United States President Joe Biden said on Wednesday that the Taliban were cooperating with the evacuation of Americans and foreigners from Kabul, but U.S. forces were facing "difficulty" in getting Afghan allies out.
"They're cooperating, letting American citizens get out, American personnel get out, embassies get out, etcetera, but they're having – we're having some more difficulty having those who helped us when we were in there," he said in an interview with ABC News.
Military flights evacuating diplomats and civilians from Afghanistan resumed early on Tuesday after the runway at Kabul Hamid Karzai International Airport was cleared of thousands of people desperate to flee after the Taliban seized the capital.
The number of civilians at the airport had thinned out, a Western security official at the facility told Reuters, a day after chaotic scenes in which U.S. troops fired to disperse crowds and people clung to a U.S. military transport plane as it taxied for takeoff.
"Many people who were here yesterday have gone home," the official said. Reuters witnesses, however, could still hear occasional shots coming from the direction of the airport, while streets elsewhere in the city appeared calm.
U.S. forces took charge of the airport, their only way to fly out of the country, on Sunday, as the militants were winding up a dramatic week of advances across the country with their takeover of the capital without a fight. Flights were suspended for much of Monday, when at least five people were killed, witnesses said, although it was unclear whether they had been shot or crushed in a stampede.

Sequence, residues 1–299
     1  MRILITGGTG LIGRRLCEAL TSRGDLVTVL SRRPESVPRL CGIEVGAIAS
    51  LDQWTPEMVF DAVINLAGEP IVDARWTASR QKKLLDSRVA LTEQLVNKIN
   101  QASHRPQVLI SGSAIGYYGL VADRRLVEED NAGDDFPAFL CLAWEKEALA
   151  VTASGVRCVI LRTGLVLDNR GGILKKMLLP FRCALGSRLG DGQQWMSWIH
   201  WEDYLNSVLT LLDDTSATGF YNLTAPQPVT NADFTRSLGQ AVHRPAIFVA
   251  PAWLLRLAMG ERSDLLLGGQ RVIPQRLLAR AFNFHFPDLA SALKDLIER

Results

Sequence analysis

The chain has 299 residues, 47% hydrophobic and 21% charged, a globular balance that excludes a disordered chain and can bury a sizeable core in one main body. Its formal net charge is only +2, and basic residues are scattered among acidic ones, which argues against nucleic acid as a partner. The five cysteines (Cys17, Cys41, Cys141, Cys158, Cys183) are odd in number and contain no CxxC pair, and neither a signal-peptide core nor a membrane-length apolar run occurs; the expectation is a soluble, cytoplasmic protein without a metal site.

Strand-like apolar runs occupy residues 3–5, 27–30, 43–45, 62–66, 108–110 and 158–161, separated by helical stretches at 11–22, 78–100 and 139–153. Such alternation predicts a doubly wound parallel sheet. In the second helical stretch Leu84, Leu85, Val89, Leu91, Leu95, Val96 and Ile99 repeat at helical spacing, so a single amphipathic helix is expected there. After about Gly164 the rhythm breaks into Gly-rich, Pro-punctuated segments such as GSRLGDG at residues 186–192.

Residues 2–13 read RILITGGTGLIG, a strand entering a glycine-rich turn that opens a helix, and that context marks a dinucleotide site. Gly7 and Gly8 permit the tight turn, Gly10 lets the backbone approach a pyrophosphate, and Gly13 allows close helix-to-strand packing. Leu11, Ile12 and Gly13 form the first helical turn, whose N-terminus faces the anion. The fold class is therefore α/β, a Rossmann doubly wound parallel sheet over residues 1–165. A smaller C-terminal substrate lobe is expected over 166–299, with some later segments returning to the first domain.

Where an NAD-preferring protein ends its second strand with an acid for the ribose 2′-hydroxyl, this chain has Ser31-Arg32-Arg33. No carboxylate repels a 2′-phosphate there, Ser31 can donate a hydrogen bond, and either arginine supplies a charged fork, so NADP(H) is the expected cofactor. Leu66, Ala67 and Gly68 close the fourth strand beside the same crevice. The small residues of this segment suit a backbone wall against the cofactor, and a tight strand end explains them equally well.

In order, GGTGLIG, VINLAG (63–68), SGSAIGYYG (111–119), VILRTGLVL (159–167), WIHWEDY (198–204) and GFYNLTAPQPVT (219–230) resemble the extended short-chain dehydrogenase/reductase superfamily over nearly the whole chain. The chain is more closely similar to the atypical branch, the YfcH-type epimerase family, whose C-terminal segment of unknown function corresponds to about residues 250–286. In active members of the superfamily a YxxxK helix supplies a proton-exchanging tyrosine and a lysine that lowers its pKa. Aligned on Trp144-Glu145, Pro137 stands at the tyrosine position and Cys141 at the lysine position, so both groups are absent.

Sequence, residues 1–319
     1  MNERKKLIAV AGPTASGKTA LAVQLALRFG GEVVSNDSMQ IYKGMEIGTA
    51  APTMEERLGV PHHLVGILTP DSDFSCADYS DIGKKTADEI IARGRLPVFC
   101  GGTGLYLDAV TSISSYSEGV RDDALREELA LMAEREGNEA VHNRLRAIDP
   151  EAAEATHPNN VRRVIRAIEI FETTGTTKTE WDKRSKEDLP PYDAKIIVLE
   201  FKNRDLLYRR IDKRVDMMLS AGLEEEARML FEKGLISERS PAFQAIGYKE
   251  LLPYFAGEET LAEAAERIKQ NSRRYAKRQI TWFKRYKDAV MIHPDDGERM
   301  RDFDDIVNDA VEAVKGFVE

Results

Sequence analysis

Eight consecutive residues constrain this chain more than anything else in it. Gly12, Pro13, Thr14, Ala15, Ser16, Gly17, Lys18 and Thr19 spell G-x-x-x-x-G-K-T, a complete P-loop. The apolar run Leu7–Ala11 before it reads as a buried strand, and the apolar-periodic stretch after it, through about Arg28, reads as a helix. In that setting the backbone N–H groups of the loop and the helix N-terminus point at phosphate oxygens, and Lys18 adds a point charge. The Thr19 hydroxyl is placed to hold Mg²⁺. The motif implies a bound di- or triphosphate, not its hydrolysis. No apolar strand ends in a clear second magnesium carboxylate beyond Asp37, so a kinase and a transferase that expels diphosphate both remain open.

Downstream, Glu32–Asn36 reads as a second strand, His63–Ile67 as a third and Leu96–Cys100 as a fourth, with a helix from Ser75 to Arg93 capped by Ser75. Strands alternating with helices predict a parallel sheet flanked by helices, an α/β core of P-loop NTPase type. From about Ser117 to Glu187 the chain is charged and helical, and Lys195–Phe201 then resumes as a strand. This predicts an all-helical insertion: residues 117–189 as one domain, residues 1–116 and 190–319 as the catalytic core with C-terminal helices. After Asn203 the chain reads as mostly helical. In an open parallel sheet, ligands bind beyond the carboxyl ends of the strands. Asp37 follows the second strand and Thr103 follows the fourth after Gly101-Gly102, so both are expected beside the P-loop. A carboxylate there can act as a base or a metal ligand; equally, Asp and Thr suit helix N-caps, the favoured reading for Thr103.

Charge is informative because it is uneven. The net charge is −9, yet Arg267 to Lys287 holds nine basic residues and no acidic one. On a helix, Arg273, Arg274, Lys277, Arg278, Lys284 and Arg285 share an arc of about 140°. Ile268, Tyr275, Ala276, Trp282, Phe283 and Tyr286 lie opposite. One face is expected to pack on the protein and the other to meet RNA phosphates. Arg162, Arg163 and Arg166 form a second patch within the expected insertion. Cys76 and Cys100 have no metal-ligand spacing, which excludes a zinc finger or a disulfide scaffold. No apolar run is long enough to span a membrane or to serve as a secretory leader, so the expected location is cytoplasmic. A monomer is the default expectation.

Media reported two people fell from the underside of a U.S. military aircraft after it took off, crashing to their deaths on roofs of homes near the airport.
A U.S. official told Reuters U.S. troops had killed two gunmen who had appeared to have fired into the crowd at the airport. Despite the scenes of panic and confusion in Kabul, U.S. President Joe Biden defended his decision to withdraw U.S. forces after 20 years of war – the nation's longest – that he described as costing more than $1 trillion. But a video on Monday of hundreds of desperate Afghans trying to clamber onto a U.S. military plane as it was about to take off could haunt the United States, just as a photograph in 1975 of people scrambling to get on a helicopter on the roof of a building in Saigon became emblematic of the humiliating withdrawal from Vietnam.
Biden insisted he had to decide between asking U.S. forces to fight endlessly in what he called Afghanistan's civil war or follow through on an agreement to withdraw negotiated by his predecessor, Republican Donald Trump.
"I stand squarely behind my decision," Biden said. "After 20 years I've learned the hard way that there was never a good time to withdraw U.S. forces. That's why we're still there."
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